That was the safest, happiest time of my youth. That time we played like kids, loved like teenagers and attempted to act like adults. Back when we would spend all of our summer in a tent in her back yard, in a lazy attempt to get away from both of our parents and have just enough privacy to explore the many facets of love.
We spent all our time outside. We crawled out of our tent when the sun came up, and sat on the terrace long after it went down. We would either be in your back yard, at the market in the city centre, or cycling through the fields that surrounded your house. The summer was ours.
I didn’t spend much time at home those summers. A hundred times I had to choose between the damp apartment in the city or the fresh air of your back yard. That choice became more difficult as the summer progressed, with my parents urging me to come home because they hadn’t seen me in weeks and school would start soon. I would always hesitate for a moment, then glance at her and tell my mother that I would call her again tomorrow.
That first summer we spent doing nothing at all. Our main activities were laying in the grass, looking at either the clouds or the stars, and bothering her dad with the kind of questions nobody had an answer for. Her dad was a rich farmer. He owned all these big machines and employed a dozen people that did all the physical work. He would sit in a lawn chair or walk around with a stack of papers, cursing God and talking about taxes and profits to nobody in particular. Sometimes, he would sit down and start teaching the basics of our economy to an ant or a bug that crawled over the cobblestone. “Supply and demand, that’s the basic idea around most of it. If you desire something, we’re talking demand. Now, if you have the ability to fulfil the desire of another individual, that’s what we’d call supply.” We would walk over to him when we heard him talking like that. He would keep his eyes on the little creature and continue to talk to the ground. He always ended his lecture in the same fashion, by looking up at us and asking: “Why do we make it so complicated for ourselves to live a happy life?”, followed by another curse directed at God.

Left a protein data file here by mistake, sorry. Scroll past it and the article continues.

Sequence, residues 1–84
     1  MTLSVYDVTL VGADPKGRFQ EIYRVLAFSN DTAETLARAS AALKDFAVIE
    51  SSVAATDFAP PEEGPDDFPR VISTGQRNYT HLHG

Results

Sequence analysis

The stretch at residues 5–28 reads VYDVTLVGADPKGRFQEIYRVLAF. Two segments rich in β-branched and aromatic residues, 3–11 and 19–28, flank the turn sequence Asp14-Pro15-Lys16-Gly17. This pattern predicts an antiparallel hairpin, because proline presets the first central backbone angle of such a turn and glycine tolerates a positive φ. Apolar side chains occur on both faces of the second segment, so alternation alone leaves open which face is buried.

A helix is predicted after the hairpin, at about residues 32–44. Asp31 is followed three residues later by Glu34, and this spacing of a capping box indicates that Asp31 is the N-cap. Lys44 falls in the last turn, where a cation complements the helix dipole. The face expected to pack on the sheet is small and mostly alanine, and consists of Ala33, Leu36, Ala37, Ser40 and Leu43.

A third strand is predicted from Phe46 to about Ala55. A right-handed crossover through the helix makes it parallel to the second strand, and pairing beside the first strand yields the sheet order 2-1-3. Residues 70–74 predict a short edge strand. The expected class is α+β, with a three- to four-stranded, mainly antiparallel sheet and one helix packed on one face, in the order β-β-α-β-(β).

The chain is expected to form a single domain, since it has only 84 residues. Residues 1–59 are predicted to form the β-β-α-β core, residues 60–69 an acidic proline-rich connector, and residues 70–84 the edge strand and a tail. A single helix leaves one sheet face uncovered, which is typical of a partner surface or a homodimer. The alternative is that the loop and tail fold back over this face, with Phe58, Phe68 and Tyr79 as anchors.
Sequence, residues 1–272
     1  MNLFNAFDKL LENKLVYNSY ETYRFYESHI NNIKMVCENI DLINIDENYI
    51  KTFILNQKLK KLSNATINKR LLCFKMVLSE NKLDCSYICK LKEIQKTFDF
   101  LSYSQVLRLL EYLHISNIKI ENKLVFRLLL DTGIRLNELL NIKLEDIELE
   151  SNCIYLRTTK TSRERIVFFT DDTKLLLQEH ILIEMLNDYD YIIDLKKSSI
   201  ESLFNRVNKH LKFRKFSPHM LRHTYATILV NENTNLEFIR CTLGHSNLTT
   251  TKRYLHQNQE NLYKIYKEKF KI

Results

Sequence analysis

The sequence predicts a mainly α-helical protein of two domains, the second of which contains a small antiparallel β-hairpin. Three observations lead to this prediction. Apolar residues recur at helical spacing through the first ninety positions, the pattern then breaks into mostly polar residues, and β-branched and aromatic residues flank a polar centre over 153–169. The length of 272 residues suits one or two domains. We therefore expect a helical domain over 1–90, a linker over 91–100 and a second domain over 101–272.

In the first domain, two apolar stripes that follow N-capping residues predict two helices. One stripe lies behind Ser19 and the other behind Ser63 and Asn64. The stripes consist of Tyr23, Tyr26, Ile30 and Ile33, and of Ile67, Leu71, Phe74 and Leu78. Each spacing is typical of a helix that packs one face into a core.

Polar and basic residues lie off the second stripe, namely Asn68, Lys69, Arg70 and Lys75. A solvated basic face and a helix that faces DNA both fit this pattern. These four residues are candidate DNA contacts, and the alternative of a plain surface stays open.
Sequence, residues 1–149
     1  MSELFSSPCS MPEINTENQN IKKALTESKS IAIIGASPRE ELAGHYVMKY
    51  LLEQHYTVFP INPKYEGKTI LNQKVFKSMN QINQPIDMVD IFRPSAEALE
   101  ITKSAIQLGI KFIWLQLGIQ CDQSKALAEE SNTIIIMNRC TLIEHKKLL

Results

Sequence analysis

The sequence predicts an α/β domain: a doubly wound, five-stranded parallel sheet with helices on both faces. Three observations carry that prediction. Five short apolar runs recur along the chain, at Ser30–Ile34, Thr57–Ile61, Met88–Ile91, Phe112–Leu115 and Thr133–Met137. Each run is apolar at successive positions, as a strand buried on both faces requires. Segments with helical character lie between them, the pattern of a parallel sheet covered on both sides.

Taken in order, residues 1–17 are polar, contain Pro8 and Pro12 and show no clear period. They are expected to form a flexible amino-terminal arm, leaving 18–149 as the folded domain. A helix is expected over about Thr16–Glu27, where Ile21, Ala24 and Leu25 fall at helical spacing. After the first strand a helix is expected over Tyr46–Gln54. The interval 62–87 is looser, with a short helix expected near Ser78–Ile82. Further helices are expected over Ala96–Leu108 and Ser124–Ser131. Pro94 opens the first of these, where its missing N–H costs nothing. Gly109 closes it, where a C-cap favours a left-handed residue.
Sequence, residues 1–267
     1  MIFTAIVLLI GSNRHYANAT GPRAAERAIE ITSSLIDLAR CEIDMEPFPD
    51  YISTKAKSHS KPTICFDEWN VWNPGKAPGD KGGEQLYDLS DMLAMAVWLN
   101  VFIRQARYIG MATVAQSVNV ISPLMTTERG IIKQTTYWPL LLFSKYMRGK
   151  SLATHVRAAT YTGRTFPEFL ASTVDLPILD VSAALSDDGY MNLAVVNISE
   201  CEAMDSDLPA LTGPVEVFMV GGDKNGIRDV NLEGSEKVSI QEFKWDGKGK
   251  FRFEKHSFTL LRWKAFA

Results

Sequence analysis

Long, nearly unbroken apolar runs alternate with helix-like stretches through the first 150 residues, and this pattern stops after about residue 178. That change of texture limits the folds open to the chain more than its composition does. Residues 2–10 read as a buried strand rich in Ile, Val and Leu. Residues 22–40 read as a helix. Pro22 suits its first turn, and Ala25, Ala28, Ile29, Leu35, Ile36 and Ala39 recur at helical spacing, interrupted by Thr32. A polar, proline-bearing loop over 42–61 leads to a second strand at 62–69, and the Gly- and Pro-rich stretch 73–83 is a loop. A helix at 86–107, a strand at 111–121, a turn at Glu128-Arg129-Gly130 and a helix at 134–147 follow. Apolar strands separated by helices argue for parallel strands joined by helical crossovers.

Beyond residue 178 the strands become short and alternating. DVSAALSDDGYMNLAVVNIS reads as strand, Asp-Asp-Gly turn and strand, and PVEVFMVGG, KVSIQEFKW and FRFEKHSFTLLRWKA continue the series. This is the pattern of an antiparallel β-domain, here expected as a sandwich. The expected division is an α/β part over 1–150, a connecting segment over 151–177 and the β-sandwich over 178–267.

The very first day of that summer we spent by sitting on a terrace looking out over the river. We ordered a bottle of white wine, served in an ice bucket. I paid for the wine and filled up your glass. We were so happy about the start of the summer. No school for the next two months. No homework, no papers, no teachers, just the two of us together day and night.